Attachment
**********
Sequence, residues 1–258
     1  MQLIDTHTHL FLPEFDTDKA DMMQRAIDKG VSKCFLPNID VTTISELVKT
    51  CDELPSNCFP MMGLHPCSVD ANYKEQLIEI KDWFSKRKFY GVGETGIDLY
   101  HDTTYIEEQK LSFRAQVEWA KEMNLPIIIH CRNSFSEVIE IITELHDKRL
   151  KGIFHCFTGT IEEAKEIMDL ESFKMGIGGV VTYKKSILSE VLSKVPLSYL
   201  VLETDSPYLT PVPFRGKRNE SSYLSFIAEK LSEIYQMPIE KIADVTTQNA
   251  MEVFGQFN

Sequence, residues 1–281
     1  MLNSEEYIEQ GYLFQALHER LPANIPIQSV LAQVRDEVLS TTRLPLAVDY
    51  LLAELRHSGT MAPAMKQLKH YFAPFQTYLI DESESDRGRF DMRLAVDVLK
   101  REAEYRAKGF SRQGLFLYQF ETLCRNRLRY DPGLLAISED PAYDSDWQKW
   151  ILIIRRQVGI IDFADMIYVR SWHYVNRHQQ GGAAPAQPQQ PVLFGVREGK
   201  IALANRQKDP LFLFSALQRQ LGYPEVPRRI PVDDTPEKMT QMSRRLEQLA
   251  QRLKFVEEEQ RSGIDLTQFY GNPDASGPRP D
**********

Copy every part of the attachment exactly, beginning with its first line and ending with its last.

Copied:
Sequence, residues 1–258
     1  MQLIDTHTHL FLPEFDTDKA DMMQRAIDKG VSKCFLPNID VTTISELVKT
    51  CDELPSNCFP MMGLHPCSVD ANYKEQLIEI KDWFSKRKFY GVGETGIDLY
   101  HDTTYIEEQK LSFRAQVEWA KEMNLPIIIH CRNSFSEVIE IITELHDKRL
   151  KGIFHCFTGT IEEAKEIMDL ESFKMGIGGV VTYKKSILSE VLSKVPLSYL
   201  VLETDSPYLT PVPFRGKRNE SSYLSFIAEK LSEIYQMPIE KIADVTTQNA
   251  MEVFGQFN

Sequence, residues 1–281
     1  MLNSEEYIEQ GYLFQALHER LPANIPIQSV LAQVRDEVLS TTRLPLAVDY
    51  LLAELRHSGT MAPAMKQLKH YFAPFQTYLI DESESDRGRF DMRLAVDVLK
   101  REAEYRAKGF SRQGLFLYQF ETLCRNRLRY DPGLLAISED PAYDSDWQKW
   151  ILIIRRQVGI IDFADMIYVR SWHYVNRHQQ GGAAPAQPQQ PVLFGVREGK
   201  IALANRQKDP LFLFSALQRQ LGYPEVPRRI PVDDTPEKMT QMSRRLEQLA
   251  QRLKFVEEEQ RSGIDLTQFY GNPDASGPRP D